Keogh, J. W., & MacLeod, R. D. (2012). Body composition, physical fitness, functional performance, quality of life, and fatigue benefits of exercise for prostate cancer patients: a systematic review. Journal of Pain and Symptom Management, 43, 96–110.

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To systematically review the literature for benefits of exercise in patients with prostate cancer.

Search Strategy

Databases searched were PubMed, CINAHL, and Google Scholar.

Search keywords were exercise, physical activity, prostate cancer, and training and all word derivatives.

Studies were included if they 

  • Were full, published articles
  • Included patients with prostate cancer
  • Involved an exercise intervention of at least four weeks duration
  • Reported changes in body composition, fitness, quality of life (QOL), and/or fatigue.

Literature Evaluated

The total volume of studies retrieved and excluded was not provided. An adaptation of methods reported by Sackett was used to evaluate methodological rigor, involving six criteria. How the criteria were applied by investigators was not described.

Sample Characteristics

  • A sample of 12 studies was included, involving a total of 360 patients.
  • Study sample sizes ranged from 10 to 82 patients.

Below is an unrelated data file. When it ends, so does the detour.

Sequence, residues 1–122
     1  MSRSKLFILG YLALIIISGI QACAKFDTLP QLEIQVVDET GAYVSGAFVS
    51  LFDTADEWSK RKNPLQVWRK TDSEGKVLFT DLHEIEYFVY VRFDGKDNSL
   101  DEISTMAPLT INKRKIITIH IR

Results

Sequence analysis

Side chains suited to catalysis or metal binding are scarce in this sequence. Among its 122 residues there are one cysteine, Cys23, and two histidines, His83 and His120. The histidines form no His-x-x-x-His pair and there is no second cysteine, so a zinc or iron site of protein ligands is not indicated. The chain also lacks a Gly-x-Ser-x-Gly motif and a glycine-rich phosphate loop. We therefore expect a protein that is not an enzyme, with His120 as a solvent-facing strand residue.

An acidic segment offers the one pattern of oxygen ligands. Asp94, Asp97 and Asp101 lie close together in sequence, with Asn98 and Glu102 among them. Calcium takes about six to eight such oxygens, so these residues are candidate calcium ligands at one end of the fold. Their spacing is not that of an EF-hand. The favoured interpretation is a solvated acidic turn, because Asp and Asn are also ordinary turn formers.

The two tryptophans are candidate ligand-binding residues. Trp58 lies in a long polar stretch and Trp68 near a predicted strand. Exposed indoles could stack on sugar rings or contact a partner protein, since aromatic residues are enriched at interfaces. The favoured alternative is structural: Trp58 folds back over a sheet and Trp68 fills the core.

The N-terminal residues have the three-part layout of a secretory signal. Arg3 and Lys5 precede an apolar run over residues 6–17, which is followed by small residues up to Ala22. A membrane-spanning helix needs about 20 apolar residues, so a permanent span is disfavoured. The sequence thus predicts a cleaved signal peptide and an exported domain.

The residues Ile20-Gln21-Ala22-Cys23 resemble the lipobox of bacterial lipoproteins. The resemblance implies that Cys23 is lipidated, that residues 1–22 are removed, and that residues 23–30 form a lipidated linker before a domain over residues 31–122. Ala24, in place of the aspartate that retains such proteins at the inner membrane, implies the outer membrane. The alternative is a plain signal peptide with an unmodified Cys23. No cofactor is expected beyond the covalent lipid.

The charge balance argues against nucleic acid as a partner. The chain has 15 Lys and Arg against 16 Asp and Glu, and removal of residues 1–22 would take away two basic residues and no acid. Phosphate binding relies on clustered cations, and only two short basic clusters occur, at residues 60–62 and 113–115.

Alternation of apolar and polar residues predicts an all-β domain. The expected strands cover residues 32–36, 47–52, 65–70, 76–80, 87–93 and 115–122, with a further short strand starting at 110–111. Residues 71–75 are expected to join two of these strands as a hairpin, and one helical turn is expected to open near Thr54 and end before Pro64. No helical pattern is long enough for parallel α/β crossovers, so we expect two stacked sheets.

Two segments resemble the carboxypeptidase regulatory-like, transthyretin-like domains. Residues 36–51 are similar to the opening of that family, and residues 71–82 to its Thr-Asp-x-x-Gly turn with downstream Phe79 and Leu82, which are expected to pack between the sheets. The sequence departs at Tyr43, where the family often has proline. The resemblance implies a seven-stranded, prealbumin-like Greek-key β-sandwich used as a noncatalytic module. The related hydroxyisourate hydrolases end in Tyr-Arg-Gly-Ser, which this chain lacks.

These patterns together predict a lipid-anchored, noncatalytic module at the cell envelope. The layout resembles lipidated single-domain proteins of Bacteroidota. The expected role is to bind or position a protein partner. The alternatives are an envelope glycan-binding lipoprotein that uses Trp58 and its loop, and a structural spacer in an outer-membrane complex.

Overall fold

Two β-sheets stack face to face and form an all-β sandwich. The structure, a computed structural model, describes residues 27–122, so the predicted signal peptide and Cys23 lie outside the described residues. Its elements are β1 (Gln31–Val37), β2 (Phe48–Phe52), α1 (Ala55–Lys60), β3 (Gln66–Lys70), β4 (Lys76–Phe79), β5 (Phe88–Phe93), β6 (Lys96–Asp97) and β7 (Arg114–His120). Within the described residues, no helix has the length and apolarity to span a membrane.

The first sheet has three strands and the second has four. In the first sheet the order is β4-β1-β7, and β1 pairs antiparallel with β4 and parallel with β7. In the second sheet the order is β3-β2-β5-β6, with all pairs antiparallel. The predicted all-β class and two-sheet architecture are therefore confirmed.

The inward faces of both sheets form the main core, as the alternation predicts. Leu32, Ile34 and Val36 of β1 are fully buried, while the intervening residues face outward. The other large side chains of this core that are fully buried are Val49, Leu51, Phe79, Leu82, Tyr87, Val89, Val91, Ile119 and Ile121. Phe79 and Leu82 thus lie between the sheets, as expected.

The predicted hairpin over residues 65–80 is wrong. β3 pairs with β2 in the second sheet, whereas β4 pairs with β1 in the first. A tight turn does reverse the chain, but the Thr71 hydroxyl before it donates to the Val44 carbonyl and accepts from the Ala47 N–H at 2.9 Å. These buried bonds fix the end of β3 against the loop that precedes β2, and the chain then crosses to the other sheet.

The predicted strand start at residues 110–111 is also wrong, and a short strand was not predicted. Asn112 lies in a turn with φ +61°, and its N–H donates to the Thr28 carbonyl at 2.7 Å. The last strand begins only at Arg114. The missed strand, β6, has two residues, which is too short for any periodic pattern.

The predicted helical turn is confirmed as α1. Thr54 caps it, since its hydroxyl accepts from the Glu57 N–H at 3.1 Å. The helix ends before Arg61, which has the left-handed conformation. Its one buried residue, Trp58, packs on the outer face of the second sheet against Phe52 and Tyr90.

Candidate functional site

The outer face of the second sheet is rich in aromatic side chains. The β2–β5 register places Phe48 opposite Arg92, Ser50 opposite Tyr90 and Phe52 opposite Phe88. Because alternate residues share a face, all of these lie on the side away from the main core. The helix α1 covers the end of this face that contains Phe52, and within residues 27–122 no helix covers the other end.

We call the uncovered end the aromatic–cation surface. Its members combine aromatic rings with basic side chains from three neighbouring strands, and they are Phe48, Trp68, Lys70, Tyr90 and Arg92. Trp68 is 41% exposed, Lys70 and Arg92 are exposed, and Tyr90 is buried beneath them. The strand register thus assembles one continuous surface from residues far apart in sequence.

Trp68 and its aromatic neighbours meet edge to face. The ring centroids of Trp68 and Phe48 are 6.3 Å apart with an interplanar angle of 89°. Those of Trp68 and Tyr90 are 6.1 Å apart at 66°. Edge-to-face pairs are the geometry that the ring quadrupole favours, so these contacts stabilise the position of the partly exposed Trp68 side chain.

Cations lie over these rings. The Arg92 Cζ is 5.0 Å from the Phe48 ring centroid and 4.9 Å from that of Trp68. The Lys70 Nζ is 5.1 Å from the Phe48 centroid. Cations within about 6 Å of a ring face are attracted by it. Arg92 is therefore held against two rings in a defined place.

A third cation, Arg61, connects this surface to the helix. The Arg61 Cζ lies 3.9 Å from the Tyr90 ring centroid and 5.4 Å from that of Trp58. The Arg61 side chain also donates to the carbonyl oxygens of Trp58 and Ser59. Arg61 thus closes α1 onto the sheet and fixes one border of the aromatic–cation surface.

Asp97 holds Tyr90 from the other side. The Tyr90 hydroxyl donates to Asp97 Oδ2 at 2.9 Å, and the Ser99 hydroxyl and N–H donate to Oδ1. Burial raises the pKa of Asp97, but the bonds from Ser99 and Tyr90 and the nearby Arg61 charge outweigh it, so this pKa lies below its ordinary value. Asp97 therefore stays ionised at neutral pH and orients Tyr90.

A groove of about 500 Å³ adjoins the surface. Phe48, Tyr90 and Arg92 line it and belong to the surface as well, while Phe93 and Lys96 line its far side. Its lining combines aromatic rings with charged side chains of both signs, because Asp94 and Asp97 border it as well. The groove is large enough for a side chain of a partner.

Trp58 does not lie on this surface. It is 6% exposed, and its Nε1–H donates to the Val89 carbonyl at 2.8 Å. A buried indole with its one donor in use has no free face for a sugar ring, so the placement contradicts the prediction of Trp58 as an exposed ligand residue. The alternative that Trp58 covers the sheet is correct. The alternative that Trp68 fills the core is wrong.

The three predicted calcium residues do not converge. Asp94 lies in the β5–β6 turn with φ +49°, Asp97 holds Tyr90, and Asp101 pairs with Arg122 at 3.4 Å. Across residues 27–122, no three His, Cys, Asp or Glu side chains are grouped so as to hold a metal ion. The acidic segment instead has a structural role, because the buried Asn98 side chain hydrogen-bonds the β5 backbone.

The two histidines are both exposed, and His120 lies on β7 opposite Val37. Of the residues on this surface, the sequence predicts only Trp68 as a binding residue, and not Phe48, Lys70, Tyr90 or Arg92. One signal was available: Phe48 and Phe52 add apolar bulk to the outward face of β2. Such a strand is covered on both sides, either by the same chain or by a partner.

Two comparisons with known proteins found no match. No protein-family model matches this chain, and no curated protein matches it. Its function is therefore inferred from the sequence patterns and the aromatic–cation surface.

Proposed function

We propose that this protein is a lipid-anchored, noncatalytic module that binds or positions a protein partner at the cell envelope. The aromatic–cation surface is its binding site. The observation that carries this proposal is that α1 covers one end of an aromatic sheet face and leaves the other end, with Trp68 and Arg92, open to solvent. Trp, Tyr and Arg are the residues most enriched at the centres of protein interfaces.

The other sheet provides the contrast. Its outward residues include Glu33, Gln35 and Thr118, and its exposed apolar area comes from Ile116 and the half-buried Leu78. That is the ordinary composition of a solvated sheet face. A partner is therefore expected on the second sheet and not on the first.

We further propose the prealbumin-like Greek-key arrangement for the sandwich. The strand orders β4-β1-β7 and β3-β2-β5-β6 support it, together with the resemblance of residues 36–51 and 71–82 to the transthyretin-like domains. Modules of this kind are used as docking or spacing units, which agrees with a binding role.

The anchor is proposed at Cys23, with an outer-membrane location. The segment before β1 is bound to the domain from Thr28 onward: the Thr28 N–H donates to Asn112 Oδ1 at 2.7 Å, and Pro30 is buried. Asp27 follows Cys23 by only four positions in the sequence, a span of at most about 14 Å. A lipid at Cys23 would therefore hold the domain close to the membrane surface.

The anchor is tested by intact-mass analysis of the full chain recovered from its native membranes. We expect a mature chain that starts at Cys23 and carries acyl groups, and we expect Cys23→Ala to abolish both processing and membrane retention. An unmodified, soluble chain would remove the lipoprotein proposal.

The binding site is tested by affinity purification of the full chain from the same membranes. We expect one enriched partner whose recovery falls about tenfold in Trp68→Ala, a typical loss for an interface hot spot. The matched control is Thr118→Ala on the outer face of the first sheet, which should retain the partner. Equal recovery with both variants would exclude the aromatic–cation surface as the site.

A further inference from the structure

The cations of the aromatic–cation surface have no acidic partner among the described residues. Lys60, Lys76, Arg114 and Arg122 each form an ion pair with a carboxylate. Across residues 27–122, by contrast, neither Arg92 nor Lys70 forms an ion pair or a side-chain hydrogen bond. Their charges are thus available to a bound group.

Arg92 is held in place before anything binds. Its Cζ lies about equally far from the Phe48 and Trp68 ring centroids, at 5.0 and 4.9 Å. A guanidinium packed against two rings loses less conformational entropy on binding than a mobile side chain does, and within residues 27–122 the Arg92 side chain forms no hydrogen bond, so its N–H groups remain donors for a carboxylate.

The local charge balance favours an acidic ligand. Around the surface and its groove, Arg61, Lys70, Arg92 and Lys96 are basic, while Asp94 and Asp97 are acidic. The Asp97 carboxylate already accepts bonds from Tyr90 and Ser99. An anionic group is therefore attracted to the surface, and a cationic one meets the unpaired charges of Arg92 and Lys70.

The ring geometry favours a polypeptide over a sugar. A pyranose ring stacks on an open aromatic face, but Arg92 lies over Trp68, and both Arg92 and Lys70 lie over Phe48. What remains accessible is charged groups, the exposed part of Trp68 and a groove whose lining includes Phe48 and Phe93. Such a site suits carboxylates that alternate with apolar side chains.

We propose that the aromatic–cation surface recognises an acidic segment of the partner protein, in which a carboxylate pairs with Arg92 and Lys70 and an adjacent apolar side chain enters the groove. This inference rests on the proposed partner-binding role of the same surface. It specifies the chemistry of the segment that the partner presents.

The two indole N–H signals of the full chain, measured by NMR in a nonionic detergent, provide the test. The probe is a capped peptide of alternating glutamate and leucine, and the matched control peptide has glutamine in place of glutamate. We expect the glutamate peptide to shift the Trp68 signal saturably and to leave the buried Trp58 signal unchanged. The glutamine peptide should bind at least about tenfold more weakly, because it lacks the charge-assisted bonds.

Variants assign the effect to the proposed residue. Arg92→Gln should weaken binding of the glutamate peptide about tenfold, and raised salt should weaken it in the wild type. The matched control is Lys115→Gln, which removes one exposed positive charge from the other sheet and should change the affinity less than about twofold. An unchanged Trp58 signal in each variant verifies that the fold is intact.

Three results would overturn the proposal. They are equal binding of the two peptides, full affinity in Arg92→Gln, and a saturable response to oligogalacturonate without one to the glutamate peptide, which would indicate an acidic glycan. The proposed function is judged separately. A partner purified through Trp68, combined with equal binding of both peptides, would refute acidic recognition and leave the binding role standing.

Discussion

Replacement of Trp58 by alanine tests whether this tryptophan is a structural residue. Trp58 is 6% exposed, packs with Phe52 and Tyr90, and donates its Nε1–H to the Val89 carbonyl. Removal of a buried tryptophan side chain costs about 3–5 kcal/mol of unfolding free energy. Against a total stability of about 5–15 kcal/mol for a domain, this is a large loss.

• All patients had prostate cancer.
  • Demographics were not reported in all studies used; however, most patients were said to be Caucasian, married, and between ages 66 and 72 years.


Seven studies reported group-based exercise. The authors reported that most of these patients showed significant improvement in some QOL measures and fatigue.  Five studies reported home-based exercise. These showed no significant increase in QOL, and two of these reported significant reduction in fatigue.  Resistance, aerobic, and combined types of exercise appeared to be similarly effective. The timing of exercise interventions related to cancer treatment were not described. Comparative findings regarding changes in muscle strength and endurance were provided.


There is relatively strong to strong evidence that exercise performed a minimum of two to three days per week can significantly improve physical fitness, functional performance, and QOL and reduce fatigue in patients with prostate cancer.

The context in which the exercise was performed and type of exercise (aerobic, resistance, or combined) may mediate the magnitude of benefit derived.  Group-based exercise appeared to offer greater benefit than home-based programs in the studies included.

Nursing Implications

Findings suggested that exercise recommendations should be a part of care for survivors of prostate cancer for fitness, QOL, and fatigue benefits. Group-based activity may have greater benefit than individual home-based exercise recommendations.

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